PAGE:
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About smartdriver

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    Toronto, Canada

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  1. I don't know whether this might help.
  2. Sorry, my remap was loaded by an acquaintance and I don't have the tools to copy it. There is a noticeable difference in performance in my remapped car compared to my stock smartcars. One feature I noted about the remap is that the EGR valve actuation has been disabled. The EGR valve must be in place with the required 0.8V quiescent feedback voltage, but the valve itself does not open or close. This caused some unanticipated difficulties when developing the emulator and I ended up sending the prototype to Bil Gladstome for his evaluation. My acquaintance is in Toronto and his website is shown below:
  3. I use Duracool or Red Tek as a refrigerant in my smarts. It has a larger molecule, is under less pressure and is much slower to leak. Although mine usually lasts for a couple of years before needing recharging, it costs only about $20 per refill, which if your air conditioning system doesn't have a massive leak or compressor problems, should last all summer. What advantage would be gained by removing all the air conditioning plumbing?
  4. It's an electronic circuit which replaces the EGR valve and makes the computer think the EGR valve is still present. The EGR valve has a solenoid driven by a pulse width modulated waveform. The solenoid lets more or less exhaust gases into the intake. There is a feedback variable resistor connected to the solenoid outputting a voltage which tells the computer where the solenoid is positioned. If it is positioned incorrectly through clogging, an error is generated which puts the car into limp mode. The emulator simulates the feedback voltage that the EGR normally would generate to the computer. It is a simple matter of unplugging the EGR valve and plugging in the emulator. Emulators are available on Ebay and stickman007 has been making some, or you can make your own. If you build your own, there is a Mercedes cable available for about $40 which has connectors that plug into the car's EGR cable. On one of my emulators, rather than using the Mercedes connectors, I made my own pins using number 10 gauge household wiring. The design of the emulator began in 2008 on the following thread. ProgFrog did a nice video showing the pulse width modulated input to the EGR valve and the output voltage to the computer.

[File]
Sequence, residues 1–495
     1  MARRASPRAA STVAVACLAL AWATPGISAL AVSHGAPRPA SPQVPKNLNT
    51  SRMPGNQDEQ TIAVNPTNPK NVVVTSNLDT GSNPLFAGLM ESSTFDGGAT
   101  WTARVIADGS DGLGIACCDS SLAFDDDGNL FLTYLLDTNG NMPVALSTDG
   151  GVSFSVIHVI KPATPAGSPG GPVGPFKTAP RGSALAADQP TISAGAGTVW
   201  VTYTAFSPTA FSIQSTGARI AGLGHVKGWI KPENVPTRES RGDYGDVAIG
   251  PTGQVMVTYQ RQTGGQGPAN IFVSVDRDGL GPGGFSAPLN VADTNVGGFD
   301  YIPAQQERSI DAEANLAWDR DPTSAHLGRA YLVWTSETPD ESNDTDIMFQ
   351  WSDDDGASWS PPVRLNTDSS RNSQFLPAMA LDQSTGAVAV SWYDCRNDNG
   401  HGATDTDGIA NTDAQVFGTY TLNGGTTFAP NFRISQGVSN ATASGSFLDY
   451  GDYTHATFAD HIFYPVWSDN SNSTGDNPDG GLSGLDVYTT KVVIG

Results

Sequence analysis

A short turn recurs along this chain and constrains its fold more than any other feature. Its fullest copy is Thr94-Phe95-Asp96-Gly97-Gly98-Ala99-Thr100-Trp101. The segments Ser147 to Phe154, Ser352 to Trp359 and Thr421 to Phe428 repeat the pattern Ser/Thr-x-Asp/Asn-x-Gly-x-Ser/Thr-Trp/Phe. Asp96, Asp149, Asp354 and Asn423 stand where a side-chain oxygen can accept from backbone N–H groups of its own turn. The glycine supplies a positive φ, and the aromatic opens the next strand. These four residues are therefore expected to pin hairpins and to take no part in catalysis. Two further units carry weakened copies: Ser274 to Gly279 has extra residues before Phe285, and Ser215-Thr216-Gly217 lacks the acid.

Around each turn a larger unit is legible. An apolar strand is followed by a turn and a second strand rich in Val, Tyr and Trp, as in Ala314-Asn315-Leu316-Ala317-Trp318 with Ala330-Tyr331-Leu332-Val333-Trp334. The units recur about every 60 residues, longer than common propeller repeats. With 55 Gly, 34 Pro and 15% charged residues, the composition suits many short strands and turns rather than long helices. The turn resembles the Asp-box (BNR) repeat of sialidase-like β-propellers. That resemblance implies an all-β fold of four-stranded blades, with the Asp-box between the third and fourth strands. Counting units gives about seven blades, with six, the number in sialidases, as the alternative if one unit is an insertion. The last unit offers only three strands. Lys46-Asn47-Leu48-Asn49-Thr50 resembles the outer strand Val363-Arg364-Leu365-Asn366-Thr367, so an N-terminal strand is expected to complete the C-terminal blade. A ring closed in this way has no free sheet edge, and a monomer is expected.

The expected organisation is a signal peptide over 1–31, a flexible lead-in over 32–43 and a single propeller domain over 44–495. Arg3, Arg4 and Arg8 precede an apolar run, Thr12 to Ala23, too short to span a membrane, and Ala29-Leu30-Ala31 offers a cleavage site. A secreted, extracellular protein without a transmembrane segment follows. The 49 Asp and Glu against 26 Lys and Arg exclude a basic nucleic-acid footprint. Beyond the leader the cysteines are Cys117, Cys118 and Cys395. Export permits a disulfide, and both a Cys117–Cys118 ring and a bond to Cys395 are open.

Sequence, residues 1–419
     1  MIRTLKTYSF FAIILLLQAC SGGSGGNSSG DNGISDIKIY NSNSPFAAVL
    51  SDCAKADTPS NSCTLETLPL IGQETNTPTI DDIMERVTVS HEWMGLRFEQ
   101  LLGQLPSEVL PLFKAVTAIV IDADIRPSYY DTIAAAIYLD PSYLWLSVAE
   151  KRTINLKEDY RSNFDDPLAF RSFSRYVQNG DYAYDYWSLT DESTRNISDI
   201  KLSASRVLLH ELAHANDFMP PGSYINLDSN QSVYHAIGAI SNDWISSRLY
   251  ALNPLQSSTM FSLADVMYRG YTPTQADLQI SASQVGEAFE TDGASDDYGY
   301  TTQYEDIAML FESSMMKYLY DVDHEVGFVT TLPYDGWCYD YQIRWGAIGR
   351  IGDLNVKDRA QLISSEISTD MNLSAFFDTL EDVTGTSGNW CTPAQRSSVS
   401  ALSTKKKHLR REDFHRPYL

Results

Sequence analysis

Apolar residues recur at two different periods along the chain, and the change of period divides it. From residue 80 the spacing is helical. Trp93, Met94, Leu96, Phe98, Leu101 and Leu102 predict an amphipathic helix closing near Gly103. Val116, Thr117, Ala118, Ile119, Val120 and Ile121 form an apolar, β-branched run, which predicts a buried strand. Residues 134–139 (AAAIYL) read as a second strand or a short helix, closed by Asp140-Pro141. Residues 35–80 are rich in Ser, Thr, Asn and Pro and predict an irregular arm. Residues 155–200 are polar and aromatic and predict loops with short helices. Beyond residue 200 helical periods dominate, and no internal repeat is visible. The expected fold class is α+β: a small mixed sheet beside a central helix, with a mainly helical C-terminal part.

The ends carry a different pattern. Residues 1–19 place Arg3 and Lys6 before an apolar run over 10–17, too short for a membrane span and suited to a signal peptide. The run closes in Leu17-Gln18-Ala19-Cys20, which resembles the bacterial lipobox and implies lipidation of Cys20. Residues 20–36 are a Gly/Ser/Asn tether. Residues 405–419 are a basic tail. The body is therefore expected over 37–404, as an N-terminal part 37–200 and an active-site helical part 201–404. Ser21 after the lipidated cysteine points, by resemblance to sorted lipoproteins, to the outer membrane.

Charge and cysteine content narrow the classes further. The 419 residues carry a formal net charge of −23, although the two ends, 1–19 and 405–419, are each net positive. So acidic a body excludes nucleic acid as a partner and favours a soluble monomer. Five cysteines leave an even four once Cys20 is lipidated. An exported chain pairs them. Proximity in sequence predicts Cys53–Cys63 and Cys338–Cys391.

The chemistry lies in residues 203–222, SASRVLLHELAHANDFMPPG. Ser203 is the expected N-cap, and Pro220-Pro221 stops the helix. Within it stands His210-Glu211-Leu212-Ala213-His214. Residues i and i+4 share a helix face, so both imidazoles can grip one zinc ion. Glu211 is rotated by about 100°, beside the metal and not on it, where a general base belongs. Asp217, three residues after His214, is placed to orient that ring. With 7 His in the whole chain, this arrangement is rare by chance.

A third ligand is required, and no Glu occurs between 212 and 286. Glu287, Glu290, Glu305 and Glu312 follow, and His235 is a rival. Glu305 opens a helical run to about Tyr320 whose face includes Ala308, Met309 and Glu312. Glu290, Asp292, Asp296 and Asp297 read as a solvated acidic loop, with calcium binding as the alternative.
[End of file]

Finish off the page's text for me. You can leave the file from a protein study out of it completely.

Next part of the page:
5. Just a question. Does it matter if the cooling fins themselves are damaged?
  6. The previous post is in response to a much earlier post and to some it may appear as an advertisement. I am responding to make any that have a seized alternator aware that they do not necessarily have to have it removed and replaced. If seized, it likely can be fixed by simply applying torque to the alternator shaft with a 22mm extended socket wrench. The alternator is open frame and subject to rust build up between rotor and stator. There are likely numerous smart alternators which have unnecessarily been removed and replaced. On the other hand, if the alternator has failed electrically, it of course will be necessary to remove and replace it.
  7. I don't know whether my brake incident might apply to your car, but I found the cause of my brakes failing to be unusual. My car suffered a ruptured brake line after an emergency stop. The brake lines are predominately on the left side of the car, but cross over at the rear of the front body pan and the rear of the rear body pan. The rupture was in the middle of the front brake line where it crossed over from left to right. Although my brake lines appeared to be in good shape, this line had ruptured where a wire cable had been tied with a nylon tie to the brake line. For a repair, the line was cut with a pipe cutter and a compression fitting was inserted at the rupture.
  8. As mentioned previously, leaks at the front corners of my roof, as shown by a trip through the car wash, were fixed by cleaning out all the dirt and debris which had collected in the rubber sealing strip at the front of the roof.
  9. Your alternator can likely be easily fixed by using a penetrating fluid and turning the alternator shaft with an extended 22mm socket wrench. The intercooler being full of oil is likely from overfilling and crankcase fumes collecting in it.
  10. As discussed in a previous post, if the original cables are still in place, they may be misaligned, which is a relatively simple matter to fix by turning the motor shaft with a hex key to to remove one of them and re-align it. Putting one of my cars through a car wash also showed a leak. There was considerable debris in the rubber flashing around the front of the soft top where it closes. Cleaning out the debris stopped the leaks.
  11. At last one of my cars behaves the same and I have often wondered if there is more to the story. The resistive heater is apparently computer controlled. Please read the second last post. Another link which I believe applies to our cars.